One Culture in Christ

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One Culture in Christ

When someone inquires about my culture, I momentarily go into a state of confusion.

 

I grew up in Canada, and am a second-generation child of immigrant parents; my mother from Jamaica, and my father from Ghana. However, I was not taught the language of either, so I cannot converse in broken-down English–Patois, nor can I speak twi. I can’t fry up a dumpling dish, and vaguely understand the food chemistry behind fufu and banku. And all I can do is give an aloof smile in response to the insider cultural jokes of both lands.

 

Many in my father’s family had a somewhat “sink or swim” mentality when it came to teaching me the ways of the land. They would spout out full-blown twi and expect me to understand, only to realize by my baffled face that I did not speak their dialect, and then they would feign utter shock and displeasure.

Finding Your Roots

When I entered the young adult phase of my life, I began to experience a longing to better connect with my roots. That’s why in the year of 2014, I made the decision to leave my full-time job and travel with my father to the “motherland.” The yearning desire I had to visit could not be explained. But stepping foot onto West African soil started to make things clearer for me. Upon arrival, I was instantly overcome with the feeling that I was home. I had last visited Ghana as a child many years ago, but the people, the culture, the way of life, even the very smell brought up feelings of nostalgia.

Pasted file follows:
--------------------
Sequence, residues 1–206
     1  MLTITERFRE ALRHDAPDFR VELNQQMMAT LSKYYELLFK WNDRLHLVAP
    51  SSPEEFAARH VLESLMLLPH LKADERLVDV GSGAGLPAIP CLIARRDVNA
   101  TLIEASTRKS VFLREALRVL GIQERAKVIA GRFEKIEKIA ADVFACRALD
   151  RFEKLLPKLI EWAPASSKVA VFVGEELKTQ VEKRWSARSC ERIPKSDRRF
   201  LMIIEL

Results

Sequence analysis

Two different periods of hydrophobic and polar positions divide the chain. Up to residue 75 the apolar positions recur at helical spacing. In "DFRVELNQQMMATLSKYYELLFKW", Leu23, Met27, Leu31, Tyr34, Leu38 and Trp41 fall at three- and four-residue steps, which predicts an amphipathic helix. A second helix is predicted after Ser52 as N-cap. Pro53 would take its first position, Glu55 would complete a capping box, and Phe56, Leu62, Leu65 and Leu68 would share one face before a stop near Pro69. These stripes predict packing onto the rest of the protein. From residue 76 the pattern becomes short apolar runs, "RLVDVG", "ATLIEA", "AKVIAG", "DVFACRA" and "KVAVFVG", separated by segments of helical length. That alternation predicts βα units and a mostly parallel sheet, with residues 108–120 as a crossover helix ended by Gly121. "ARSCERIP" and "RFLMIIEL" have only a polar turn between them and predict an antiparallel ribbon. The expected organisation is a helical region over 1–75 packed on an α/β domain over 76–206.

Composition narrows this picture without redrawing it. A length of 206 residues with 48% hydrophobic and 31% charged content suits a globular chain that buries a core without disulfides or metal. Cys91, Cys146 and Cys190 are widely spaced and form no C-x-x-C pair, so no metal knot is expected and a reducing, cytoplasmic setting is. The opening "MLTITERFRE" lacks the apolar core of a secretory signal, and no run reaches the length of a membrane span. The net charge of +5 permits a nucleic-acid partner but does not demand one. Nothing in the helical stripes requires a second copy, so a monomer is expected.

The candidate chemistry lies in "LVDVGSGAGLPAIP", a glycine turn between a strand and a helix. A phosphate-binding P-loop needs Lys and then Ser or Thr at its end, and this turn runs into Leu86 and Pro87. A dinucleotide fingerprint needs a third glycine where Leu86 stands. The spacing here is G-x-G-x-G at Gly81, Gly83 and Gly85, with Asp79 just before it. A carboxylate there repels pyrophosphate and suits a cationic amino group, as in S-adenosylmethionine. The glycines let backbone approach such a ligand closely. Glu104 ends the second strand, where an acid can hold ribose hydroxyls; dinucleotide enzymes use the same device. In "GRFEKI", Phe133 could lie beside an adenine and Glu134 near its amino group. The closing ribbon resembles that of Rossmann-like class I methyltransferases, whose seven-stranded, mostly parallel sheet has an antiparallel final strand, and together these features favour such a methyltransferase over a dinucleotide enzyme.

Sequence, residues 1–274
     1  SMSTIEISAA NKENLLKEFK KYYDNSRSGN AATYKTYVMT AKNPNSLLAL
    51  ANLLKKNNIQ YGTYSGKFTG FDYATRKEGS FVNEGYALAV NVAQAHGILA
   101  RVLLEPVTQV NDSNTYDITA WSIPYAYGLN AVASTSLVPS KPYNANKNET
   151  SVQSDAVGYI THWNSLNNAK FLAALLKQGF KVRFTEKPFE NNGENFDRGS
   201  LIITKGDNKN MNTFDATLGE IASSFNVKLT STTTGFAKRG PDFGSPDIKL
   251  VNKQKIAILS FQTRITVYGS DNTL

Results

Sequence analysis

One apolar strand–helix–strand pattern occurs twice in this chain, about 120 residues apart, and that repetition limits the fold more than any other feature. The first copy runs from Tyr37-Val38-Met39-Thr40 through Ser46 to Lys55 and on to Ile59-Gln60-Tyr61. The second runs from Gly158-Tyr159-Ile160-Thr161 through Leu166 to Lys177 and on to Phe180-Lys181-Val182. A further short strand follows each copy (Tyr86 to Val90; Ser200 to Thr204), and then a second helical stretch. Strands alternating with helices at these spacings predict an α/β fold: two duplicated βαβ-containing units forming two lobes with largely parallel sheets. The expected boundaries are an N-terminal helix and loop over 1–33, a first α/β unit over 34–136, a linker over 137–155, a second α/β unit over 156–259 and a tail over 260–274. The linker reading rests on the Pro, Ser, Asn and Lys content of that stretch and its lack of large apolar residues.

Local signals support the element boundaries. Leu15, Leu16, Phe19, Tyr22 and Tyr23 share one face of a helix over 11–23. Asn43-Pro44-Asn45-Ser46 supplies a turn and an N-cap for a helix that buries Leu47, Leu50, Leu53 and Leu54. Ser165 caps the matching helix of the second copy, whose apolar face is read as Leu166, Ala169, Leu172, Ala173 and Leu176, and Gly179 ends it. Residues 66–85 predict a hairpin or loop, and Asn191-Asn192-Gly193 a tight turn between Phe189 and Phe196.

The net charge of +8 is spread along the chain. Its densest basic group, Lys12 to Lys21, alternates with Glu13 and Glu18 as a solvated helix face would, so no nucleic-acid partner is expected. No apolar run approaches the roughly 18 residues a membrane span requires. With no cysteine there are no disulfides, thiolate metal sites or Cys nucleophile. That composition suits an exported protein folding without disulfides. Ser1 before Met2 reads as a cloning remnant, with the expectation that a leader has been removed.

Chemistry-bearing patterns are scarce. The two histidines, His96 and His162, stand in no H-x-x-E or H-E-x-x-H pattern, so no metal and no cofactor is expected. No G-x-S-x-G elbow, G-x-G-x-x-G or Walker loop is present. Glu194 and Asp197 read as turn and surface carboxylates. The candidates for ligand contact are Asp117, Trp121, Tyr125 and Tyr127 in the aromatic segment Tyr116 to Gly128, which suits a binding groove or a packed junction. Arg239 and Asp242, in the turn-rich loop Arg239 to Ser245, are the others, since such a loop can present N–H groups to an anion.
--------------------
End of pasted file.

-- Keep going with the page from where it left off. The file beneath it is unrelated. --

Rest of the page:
Living in North America, I came to a point where I struggled to understand who I was as a person. I found that I couldn’t deny that I understood little about West African culture; it was all strange and new to me. This manifested itself in many ways when I was in Ghana: My poorly timed questions, my rambling English tongue, my awkwardness with twi phonetics, my overly exaggerated looks at the women in the market who balance products on their head, and even my sheer love of privacy and lack of understanding of what community really means. Still, somewhere deep within, there was a part of me that resonated with the culture, and sought to understand it.

 

Culture: What Would Jesus Do?

A large part of self-identity is connected with culture, which may be why I had difficulties with this growing up. But when it comes to multiculturalism in Canada and all over the world, it is imperative we learn how to see culture as a form of integration, not separation. Unity can be reflected in diversity.

Unfortunately, what we so often see in our world today is people using culture as a means to divide themselves from others. Even within the same country, we sometimes see divisions between others because of racial backgrounds, languages, and customs.

 

 

When it comes to this point, a most radical approach was taken by Jesus Himself during His earthly ministry. He was willing to remove cultural barriers in order to reach hearts. When Jesus interacted with the woman at the well, He was not at all daunted by the fact that she was a Samaritan, and furthermore, He did not allow any preconceived ideas to color His thinking.